Despite his heavy involvement in political matters, Arthur still listed his occupation as a dry good merchant on the 1920 census.  Franc’s daughter Richie, meanwhile, had married John Whittier March and had had a son George in 1919.  Franc and Arthur’s son Otis was working as a bank clerk in 1920 and living with his parents in 1920. In June 1921 Otis married Doris Gardiner.

The Seligman Family in the 1920s

The Seligman Family in the 1920s Arthur, Doris (Otis’ wife), Mary Ann Gardiner (Doris’ mother) , Franc, and Otis Courtesy of Arthur Scott

The 1920s brought even greater political success to Arthur.  By 1921, there was talk that he might be a candidate for governor in 1922.  (“Governorship Race May Be Largely Battle of Santa Fe for Both Parties,” Albuquerque Journal (December 21, 1921), p. 1).  Although he was not nominated as a gubernatorial candidate in 1922, he was promoted to the national Democratic Committee representing New Mexico.  In turn, he resigned as state party chair and was praised by many for his long service on behalf of Democrats in New Mexico although one delegate spoke against him.  (“Arthur Seligman Boosted to National Committee,” Albuquerque Journal (February 24, 1922), p. 1)

Strangely, I could not find many news articles mentioning Arthur Seligman between 1923 and 1929 on either or, although he was still serving as the New Mexico national committeeperson for the Democratic Party during those years according to the few news articles that mentioned him.  (E.g., “Santa Fe is for Al Smith,” Estrella (May 12, 1928), p. 3)

Meanwhile, his business career was changing as well.  In 1925, he was not only running Seligman Brothers, he was also president of the First National Bank of Santa Fe.  (“New Mexico State Items,” Estrella (June 20, 1925), p. 2)  Ralph Emerson Twitchell wrote that Arthur had been vice-president of the bank since 1912 and became president in 1924.  In the 1928 Santa Fe directory, he is listed only as president of the bank with someone named Evelyn Conway now running Seligman Brothers.

By 1929, Arthur Seligman was already a very successful man both in politics and in business, but he was not done yet, and in 1930 when he was 59 years old, he achieved what would probably have been amazing to his parents, both of whom had died many years before—he was elected governor of New Mexico.

More on that in my next post.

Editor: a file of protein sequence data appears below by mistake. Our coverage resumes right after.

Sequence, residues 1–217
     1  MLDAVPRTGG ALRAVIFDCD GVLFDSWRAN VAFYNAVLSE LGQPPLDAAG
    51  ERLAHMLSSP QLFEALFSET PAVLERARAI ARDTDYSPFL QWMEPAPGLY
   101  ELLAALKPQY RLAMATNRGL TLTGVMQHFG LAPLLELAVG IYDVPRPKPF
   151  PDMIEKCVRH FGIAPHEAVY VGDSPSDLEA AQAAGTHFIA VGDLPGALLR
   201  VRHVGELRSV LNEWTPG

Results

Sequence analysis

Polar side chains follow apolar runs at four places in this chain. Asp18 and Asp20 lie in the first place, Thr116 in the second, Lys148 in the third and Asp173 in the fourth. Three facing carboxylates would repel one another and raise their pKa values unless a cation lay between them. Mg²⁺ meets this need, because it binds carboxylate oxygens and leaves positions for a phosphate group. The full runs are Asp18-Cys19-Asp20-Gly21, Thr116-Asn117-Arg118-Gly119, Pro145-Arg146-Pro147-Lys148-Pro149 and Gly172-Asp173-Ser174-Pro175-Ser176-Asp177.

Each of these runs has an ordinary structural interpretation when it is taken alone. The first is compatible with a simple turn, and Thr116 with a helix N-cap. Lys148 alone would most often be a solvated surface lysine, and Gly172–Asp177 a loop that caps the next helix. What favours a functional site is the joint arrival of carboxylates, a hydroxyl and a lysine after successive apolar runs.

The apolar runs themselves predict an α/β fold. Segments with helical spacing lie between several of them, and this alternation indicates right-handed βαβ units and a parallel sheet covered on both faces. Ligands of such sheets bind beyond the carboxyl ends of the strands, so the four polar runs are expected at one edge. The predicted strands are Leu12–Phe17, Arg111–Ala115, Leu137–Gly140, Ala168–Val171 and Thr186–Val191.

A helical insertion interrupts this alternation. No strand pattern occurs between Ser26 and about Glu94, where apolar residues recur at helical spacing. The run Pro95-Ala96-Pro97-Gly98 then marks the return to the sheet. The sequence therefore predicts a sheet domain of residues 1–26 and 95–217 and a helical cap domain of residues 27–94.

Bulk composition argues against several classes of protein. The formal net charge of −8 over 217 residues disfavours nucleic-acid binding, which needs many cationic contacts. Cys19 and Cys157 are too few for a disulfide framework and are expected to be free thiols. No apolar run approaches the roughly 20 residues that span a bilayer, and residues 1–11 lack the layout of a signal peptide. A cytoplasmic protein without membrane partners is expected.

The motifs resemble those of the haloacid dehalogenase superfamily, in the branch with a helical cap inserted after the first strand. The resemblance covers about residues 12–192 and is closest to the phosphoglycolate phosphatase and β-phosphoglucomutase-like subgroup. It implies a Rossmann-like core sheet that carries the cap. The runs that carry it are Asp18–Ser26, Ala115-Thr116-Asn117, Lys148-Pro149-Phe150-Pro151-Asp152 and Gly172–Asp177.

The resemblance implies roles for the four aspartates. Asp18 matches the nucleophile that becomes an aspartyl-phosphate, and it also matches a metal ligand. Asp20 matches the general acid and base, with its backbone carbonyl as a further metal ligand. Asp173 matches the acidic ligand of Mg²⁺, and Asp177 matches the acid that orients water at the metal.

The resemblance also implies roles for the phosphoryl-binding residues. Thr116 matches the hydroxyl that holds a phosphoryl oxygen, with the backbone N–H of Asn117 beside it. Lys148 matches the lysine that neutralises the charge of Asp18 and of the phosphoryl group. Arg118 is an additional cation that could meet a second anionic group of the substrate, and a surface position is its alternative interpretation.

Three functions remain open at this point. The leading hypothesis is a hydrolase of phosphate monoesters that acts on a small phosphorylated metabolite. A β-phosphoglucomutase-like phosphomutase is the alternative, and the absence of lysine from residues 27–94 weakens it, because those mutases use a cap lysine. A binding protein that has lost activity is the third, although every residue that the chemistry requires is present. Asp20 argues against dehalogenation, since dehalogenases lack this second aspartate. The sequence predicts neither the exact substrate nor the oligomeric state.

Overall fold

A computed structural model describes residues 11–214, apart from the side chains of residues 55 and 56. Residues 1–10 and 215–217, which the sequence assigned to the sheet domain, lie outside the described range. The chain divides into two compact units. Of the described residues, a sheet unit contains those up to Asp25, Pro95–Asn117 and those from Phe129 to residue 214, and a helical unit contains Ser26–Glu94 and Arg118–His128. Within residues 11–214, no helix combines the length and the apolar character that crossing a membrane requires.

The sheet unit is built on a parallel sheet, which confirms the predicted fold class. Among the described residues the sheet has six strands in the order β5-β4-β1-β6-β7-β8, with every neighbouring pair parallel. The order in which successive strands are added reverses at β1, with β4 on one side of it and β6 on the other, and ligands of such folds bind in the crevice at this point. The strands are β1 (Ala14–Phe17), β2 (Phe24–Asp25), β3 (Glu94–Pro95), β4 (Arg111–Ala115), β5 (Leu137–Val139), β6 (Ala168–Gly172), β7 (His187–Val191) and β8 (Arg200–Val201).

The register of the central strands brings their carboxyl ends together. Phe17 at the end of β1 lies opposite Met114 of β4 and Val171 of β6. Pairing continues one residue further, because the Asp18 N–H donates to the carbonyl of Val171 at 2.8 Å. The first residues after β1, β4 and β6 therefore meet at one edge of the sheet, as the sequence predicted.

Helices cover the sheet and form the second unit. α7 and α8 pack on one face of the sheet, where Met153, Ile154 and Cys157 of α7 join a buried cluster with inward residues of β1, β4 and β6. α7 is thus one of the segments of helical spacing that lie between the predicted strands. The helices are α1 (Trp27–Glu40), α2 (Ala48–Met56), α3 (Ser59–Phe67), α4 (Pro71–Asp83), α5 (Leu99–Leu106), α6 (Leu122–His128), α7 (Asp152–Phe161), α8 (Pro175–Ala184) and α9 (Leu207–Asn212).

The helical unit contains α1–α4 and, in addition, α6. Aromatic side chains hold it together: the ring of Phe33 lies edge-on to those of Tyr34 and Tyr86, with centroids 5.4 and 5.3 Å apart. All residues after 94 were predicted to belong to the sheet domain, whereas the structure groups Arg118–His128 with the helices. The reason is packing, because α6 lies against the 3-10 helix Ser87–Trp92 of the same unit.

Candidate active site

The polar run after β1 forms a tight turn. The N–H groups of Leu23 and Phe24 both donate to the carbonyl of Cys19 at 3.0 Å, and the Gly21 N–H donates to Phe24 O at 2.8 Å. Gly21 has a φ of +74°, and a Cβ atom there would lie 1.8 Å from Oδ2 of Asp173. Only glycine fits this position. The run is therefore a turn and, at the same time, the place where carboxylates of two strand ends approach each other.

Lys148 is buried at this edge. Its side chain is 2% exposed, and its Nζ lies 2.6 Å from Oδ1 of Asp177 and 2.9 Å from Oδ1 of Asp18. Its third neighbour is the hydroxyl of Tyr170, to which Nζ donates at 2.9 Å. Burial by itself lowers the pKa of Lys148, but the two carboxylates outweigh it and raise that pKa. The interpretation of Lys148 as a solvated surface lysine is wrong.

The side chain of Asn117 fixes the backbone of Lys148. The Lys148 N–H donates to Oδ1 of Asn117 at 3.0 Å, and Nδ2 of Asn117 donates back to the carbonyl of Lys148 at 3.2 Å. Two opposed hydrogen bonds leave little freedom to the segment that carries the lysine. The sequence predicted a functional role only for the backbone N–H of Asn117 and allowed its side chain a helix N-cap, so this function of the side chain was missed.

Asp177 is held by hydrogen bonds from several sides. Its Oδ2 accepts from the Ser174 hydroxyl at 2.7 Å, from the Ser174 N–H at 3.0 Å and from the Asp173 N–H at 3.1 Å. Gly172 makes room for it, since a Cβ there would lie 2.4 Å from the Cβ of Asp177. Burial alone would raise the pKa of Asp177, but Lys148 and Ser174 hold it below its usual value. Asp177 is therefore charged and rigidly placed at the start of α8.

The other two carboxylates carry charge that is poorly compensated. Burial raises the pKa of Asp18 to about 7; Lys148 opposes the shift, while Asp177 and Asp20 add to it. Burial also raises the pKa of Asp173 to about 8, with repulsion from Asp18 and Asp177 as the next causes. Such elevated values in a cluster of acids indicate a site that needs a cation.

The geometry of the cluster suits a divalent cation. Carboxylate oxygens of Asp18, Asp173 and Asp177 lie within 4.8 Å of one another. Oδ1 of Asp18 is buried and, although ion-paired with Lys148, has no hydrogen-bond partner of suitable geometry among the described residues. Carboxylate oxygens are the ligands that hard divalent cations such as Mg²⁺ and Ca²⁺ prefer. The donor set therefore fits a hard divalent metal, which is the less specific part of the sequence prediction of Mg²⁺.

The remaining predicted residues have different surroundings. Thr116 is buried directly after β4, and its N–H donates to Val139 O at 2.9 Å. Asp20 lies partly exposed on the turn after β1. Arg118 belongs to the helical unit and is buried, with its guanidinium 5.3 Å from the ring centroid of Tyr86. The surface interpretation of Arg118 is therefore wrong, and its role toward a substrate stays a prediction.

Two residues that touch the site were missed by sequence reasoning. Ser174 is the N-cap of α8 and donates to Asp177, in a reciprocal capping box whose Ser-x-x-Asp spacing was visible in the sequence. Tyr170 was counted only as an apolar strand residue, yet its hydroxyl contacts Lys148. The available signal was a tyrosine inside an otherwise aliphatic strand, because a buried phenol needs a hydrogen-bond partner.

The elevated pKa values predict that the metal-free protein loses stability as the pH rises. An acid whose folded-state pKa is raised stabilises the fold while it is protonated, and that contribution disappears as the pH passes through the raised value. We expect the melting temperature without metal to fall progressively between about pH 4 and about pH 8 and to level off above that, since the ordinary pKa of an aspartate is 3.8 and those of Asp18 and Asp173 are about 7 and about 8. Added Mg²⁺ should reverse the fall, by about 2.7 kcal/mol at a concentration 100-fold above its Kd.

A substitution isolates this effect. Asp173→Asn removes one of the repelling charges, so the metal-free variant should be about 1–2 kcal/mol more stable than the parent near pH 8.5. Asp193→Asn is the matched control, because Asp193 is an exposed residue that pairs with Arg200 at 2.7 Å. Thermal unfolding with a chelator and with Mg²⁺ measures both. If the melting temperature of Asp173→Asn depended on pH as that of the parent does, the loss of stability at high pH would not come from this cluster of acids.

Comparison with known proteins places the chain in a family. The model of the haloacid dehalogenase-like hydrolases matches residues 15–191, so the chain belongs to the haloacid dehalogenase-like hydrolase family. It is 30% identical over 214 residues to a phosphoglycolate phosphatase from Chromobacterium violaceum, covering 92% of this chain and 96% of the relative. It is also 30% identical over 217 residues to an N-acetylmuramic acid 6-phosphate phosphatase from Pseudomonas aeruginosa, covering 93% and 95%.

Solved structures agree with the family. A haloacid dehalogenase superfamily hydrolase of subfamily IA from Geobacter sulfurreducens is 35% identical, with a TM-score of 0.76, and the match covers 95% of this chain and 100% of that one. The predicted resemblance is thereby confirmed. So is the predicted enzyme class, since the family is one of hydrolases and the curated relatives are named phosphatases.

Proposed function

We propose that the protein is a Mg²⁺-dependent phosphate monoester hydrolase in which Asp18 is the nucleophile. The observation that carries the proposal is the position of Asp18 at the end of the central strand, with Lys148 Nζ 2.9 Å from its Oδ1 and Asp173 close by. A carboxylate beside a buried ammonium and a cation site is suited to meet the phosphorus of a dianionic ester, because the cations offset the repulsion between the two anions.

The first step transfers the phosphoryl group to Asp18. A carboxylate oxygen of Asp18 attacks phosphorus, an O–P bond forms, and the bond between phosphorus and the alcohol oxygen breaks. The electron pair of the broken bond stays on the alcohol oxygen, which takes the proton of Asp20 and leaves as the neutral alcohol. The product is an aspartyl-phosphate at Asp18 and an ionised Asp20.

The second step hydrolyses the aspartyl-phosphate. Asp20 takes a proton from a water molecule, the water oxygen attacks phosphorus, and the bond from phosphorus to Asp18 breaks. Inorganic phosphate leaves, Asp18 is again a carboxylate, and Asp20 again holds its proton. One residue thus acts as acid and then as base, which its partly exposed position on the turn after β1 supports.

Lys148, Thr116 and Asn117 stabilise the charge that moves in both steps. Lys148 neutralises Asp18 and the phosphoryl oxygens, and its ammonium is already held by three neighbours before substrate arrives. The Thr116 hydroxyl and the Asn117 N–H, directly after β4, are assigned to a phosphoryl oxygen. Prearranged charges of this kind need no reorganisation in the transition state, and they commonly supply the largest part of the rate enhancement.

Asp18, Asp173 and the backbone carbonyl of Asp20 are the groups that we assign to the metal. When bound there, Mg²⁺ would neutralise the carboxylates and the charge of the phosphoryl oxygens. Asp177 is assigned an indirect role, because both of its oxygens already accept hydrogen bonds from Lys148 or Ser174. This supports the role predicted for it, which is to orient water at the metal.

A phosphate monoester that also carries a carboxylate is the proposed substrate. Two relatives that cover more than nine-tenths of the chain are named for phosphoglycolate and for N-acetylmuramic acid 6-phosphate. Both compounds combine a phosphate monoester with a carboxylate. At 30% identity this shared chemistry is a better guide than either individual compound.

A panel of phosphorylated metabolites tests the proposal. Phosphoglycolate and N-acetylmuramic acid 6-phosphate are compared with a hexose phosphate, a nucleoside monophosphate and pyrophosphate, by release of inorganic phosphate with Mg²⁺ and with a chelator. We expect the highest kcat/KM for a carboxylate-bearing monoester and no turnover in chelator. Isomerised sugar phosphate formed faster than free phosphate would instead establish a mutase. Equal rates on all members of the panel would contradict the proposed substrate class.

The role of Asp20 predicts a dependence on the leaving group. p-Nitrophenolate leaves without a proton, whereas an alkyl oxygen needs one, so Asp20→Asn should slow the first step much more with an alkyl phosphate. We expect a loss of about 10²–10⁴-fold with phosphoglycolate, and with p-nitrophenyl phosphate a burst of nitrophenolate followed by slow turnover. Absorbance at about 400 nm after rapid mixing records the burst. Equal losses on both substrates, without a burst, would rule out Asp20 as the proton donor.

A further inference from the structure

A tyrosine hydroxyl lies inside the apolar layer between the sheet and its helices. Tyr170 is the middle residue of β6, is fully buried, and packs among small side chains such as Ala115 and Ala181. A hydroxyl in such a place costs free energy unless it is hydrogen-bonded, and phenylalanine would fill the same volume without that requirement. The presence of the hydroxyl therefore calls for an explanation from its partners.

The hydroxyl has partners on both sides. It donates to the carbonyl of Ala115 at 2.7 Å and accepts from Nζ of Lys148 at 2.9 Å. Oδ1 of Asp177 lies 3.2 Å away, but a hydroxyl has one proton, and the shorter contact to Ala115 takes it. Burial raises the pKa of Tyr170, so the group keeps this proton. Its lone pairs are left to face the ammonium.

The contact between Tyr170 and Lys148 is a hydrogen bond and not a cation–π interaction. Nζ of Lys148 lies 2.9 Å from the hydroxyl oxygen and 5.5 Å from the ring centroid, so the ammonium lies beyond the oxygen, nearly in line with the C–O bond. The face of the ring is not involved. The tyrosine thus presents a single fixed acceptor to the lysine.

Arthur Seligman, c. 1925 from Twitchell, p. 479

Arthur Seligman, c. 1925 from Twitchell, p. 479

My Great-grandmother’s Brother James Leon Seligman: Philadelphia to Santa Fe to Salt Lake to Santa Fe

My great-great-grandparents Frances Nusbaum and Bernard Seligman had three children who survived to adulthood: my great-grandmother Eva, whose adult life I’ve written about here, and her two younger brothers, James and Arthur, my great-great-uncles.  First, I will write about James and his family.

As I’ve already written, James was born on August 11, 1868, in Philadelphia, attended Swarthmore, and lived in Salt Lake City for a number of years between 1888 and 1900.  He married Ruth V.B. Stevenson in 1893, and they had two children:  Morton Tinslar, born in 1895, and Beatrice Grace, born in 1898.

The east side of Main Street (also known as Ea...

The east side of Main Street (also known as East Temple Street) in Salt Lake City, Utah. The photo was taken in the 1890s by photographer Charles Roscoe Savage.. (Photo credit: Wikipedia)

By 1900 James had brought his family to live in Santa Fe.  According to the 1900 census, James and Ruth and their two young children were living with James’ parents Bernard and Frances, and James was working as a clerk in a dry goods store—obviously, Seligman Brothers.  James also became involved in Santa Fe politics and was elected in October, 1900, to serve on the executive committee of the Santa Fe County Democratic Central Committee. (“Democratic Central Committee,” Santa Fe New Mexican, October 24, 1900, p. 4)

It must have been not long afterwards that Bernard and Frances left Santa Fe and moved to Philadelphia, where Bernard spent the last few years of his life before dying in 1903.   In 1903 James became president and general manager of Seligman Brothers when the business incorporated and his uncle Adolph left the company.  In a very short amount of time, James had become a leader in the Santa Fe political and business community.